Watch out for your own confirmation bias

First, a true story:

I was a senior in high school, applying for college. One of the colleges I applied for was the Naval Academy. As part of the process, the Navy sent a Blue and Gold Officer (BGO) to interview me and answer any questions that I might have. As the interview proceeded, the BGO learned my father was a Marine avionics chief. He learned that I had a lifelong fascination with aircraft. He also learned that I wanted to be an aerospace engineer. This interview happened as the market plummeted in the military aerospace industry. What he said next surprised me.

“You can be a test pilot!” he exclaimed.

At that time, my left eye was 20/100 with astigmatism. Pilot slots were hard to come by. Getting one as a newly commissioned officer meant you had to have at least 20/20 vision in both eyes. I was already having to go through a medical waiver process to be accepted into Annapolis because of my left eye. Therefore, I knew what he told me wasn’t true. I had done the research. I knew the numbers. I knew that I couldn’t be a test pilot. However, he continued on that thread for about five minutes, telling me that it was possible. I really wanted to believe what he told me.

I didn’t. However, the temptation to believe him was strong. In the end, it didn’t matter. I was accepted to the US Naval Academy (USNA). I chose to go to The Citadel instead. The Citadel was the correct path for me. My conversation with the BGO didn’t sway me to attend USNA. However, if I had let my confirmation bias win, I would have. I would also have chosen the wrong path.

As I see the latest news stories roll out, I see a lot of messages, each targeted to one side or the other of a particular issue. It has become particularly easy to find a message that agrees with one’s position, given by someone who looks to have enough valid credentials. It’s amazing how many times I see the same message reposted on social media as “the truth of the matter.” In reality, the majority of these aren’t the “truth, the whole truth, and nothing but the truth.” There’s often a lot of opinion presented as facts. There are too many cases where key facts that are in conflict with the position are not disclosed. Context is often shaped to promote the “truth” of the message. I’ve seen this irregardless of issue and/or side. Why do these stories, clips, and talking points keep getting posted? The answer is simple: confirmation bias.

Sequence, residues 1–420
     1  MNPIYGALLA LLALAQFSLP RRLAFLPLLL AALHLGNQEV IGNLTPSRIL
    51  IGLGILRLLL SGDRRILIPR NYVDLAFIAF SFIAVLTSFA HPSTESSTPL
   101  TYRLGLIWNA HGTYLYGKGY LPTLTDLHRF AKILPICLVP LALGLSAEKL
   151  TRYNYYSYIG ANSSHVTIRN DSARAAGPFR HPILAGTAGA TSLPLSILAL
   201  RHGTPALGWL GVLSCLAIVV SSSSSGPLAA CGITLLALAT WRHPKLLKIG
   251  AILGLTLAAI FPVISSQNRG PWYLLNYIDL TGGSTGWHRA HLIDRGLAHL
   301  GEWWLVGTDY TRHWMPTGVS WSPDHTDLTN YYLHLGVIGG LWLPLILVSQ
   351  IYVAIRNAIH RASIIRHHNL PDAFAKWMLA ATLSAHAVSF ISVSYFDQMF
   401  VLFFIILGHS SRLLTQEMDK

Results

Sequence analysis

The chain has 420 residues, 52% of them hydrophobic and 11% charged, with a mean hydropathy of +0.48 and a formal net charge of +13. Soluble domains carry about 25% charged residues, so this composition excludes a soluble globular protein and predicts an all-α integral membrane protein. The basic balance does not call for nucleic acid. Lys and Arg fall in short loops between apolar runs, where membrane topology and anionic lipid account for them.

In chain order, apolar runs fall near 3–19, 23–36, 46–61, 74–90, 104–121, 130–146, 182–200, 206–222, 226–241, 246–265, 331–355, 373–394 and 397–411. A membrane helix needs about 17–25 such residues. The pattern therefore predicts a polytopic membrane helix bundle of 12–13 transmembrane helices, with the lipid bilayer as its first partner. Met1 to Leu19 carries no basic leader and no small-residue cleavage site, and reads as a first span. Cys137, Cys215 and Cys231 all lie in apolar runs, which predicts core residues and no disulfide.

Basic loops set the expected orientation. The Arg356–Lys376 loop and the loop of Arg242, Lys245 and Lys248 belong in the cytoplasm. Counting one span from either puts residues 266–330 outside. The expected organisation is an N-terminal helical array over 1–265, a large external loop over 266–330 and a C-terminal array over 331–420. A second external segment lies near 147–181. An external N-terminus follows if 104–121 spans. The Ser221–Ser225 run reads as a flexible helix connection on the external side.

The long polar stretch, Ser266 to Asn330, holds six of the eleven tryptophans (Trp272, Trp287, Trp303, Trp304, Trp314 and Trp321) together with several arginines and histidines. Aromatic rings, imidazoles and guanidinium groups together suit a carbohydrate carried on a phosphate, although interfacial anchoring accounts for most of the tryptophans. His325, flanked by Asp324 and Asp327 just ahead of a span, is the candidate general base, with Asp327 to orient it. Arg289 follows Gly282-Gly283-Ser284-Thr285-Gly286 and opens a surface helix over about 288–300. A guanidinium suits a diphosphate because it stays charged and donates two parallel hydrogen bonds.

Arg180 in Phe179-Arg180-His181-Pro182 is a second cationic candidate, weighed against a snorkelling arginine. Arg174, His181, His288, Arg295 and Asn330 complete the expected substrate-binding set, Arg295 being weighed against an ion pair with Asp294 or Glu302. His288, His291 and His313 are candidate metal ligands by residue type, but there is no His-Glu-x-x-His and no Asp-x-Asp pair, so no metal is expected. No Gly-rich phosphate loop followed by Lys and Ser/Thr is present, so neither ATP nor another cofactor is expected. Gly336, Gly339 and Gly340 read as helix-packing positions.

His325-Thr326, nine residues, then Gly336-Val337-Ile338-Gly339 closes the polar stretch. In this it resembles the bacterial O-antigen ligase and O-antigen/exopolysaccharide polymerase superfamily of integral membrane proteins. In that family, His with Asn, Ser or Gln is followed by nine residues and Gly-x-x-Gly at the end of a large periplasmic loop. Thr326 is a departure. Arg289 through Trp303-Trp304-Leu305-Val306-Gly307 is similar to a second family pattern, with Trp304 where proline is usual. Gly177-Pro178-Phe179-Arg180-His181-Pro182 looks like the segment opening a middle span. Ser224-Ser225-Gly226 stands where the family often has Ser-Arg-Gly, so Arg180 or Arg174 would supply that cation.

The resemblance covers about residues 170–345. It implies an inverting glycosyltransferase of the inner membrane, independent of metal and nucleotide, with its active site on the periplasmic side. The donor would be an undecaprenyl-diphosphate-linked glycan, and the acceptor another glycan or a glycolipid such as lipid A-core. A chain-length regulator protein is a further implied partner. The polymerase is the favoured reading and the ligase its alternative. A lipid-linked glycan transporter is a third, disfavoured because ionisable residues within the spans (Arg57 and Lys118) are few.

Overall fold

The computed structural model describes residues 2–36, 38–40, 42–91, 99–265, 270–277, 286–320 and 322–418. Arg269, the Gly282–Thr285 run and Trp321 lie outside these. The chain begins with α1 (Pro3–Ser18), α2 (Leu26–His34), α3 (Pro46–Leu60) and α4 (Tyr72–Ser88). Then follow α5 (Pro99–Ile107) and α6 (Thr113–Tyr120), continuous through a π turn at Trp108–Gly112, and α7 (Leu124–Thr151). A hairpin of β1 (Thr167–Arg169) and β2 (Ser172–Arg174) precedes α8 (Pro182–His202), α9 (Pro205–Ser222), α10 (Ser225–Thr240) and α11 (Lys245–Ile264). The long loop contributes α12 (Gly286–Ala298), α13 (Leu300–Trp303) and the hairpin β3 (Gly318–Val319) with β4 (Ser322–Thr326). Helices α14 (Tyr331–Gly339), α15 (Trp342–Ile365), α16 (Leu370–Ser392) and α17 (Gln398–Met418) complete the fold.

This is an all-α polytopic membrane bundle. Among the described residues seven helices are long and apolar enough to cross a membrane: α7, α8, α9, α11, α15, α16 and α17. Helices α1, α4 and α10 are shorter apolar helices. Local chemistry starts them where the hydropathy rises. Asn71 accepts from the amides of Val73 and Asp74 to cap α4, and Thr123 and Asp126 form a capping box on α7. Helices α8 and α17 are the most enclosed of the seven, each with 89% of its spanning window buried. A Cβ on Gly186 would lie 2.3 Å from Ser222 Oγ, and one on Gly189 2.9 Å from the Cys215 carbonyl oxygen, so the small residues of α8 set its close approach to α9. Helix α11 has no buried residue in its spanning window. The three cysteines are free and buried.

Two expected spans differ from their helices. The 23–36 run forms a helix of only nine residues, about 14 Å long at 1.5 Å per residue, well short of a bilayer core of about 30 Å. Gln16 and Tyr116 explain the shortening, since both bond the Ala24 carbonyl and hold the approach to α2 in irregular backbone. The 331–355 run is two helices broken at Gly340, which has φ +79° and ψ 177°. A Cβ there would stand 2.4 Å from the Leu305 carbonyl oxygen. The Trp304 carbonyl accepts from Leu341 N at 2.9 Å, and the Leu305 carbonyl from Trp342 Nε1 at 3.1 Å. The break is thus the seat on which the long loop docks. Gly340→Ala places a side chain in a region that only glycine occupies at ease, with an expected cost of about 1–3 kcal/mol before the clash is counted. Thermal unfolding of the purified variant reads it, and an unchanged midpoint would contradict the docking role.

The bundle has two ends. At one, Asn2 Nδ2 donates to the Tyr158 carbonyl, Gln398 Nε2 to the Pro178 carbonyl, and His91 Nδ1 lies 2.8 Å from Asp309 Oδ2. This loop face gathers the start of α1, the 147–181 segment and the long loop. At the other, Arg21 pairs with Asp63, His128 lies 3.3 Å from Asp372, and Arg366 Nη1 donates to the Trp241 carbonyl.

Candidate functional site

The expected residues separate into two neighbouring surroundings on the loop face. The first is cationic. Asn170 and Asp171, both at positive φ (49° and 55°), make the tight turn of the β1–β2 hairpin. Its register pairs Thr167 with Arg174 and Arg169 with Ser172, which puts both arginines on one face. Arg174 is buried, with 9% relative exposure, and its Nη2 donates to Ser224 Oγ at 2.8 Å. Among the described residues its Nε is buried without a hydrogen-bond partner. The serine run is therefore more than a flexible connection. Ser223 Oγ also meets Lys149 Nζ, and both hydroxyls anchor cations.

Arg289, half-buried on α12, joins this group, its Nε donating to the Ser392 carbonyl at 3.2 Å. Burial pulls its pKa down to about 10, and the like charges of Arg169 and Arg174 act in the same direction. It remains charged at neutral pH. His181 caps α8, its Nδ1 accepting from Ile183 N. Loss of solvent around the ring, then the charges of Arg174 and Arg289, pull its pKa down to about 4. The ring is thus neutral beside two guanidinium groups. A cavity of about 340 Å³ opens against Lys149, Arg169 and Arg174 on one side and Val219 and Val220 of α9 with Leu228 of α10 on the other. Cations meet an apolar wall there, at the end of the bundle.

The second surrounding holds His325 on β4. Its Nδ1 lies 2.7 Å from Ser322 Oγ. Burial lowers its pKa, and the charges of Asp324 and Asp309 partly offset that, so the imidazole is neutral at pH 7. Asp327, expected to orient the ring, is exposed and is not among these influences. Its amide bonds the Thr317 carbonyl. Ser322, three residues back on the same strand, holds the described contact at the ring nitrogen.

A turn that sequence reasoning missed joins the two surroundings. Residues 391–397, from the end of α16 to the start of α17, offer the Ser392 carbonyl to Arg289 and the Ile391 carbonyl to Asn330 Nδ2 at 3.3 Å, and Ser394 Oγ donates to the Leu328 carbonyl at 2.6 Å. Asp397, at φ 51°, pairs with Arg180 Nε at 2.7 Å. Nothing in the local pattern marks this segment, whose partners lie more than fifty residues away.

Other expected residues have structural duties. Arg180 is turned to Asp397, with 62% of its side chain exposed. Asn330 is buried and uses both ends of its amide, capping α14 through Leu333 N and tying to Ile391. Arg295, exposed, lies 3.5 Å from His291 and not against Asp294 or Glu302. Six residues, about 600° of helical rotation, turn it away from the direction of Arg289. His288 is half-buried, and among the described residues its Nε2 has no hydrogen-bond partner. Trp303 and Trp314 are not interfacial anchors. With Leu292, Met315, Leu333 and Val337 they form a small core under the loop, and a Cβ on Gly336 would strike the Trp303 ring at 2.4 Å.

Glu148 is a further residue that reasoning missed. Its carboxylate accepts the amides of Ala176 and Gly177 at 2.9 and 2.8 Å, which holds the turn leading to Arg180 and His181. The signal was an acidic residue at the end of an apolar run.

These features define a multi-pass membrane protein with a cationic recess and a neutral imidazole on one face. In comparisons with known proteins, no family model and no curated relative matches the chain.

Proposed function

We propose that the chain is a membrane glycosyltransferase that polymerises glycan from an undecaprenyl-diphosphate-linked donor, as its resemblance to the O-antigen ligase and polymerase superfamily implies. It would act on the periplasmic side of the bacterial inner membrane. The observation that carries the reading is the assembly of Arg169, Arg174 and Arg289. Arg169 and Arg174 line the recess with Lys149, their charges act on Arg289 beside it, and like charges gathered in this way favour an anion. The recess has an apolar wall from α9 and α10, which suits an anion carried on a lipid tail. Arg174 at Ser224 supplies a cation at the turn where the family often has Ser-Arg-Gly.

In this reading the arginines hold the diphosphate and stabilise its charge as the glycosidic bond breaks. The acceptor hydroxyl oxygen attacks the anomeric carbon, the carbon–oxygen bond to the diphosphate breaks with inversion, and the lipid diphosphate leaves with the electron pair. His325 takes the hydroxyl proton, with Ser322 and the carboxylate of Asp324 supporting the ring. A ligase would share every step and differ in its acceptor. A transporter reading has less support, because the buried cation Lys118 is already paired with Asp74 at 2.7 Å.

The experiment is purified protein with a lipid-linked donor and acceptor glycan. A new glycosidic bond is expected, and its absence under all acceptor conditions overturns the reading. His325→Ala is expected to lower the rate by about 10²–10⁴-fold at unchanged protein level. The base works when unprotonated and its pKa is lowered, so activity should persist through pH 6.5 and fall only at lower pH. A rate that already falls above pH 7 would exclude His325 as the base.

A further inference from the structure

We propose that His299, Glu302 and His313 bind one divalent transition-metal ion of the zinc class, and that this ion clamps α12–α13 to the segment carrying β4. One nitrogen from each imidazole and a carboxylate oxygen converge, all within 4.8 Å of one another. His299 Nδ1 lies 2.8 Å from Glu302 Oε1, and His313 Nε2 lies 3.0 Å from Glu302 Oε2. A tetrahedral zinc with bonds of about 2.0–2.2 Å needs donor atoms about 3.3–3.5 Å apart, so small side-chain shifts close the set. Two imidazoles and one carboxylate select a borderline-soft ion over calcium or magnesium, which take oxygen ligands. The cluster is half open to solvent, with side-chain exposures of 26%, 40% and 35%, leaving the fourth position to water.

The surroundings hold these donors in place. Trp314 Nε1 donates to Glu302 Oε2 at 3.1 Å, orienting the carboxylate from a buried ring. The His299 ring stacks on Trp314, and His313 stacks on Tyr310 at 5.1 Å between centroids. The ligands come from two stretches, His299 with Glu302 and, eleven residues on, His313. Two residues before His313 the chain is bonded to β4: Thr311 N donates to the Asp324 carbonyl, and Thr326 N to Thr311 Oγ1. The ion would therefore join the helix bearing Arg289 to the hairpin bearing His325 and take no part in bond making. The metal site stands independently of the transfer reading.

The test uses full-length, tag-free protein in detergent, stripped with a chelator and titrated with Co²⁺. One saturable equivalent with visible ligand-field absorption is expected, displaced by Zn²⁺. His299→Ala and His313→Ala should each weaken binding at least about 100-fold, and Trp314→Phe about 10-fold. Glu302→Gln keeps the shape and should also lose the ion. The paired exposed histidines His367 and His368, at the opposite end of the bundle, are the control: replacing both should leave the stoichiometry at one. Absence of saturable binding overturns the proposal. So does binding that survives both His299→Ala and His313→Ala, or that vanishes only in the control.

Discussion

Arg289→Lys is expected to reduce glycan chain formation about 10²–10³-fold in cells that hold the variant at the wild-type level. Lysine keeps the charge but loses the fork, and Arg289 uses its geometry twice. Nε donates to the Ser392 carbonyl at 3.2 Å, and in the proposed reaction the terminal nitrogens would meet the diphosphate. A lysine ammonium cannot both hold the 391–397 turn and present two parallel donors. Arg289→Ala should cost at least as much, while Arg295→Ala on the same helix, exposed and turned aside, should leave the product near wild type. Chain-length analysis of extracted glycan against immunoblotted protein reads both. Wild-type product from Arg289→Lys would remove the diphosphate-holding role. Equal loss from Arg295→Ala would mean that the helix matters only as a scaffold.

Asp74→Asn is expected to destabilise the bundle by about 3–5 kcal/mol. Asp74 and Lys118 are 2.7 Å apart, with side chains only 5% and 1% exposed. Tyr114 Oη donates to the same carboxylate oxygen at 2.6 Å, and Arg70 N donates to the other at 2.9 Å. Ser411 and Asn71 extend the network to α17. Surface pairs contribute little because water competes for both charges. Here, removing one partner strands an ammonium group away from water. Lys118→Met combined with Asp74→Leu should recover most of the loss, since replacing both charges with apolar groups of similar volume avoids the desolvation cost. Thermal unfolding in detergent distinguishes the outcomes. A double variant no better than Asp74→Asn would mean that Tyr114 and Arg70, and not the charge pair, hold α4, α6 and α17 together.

Confirmation bias can get all of us. We like hearing messages that reinforce what we believe. We like being told that we are correct. Therefore, it’s easy to give in to confirmation bias. Resist that temptation. Spend some time digging a little deeper. Find messages which disagree with the position you think is correct. See if anything presented in those messages are factual and if so, do any of those facts contradict the position you agree with. Likely you’ll see that the truth is somewhere in the middle between the two opposing positions. Oh, and this doesn’t just apply to social media. We have the same issue wherever we have passionate, committed people: such at information technology.

New Webinar with Kevin Kline: Learning from Data Breaches, a Deeper Dive

I’ve done a follow-on to my webinar with Kevin Kline on Learning from Data Breaches. Here we’ll talk about some specific technologies that come out of the box with SQL Server that you can use, especially to audit activity. A lot of times, detecting the adversary is the hardest step. That’s what this webinar focuses on.

This is scheduled for tomorrow, May 13th, at 11:00 AM Eastern.

Information Link (and registration):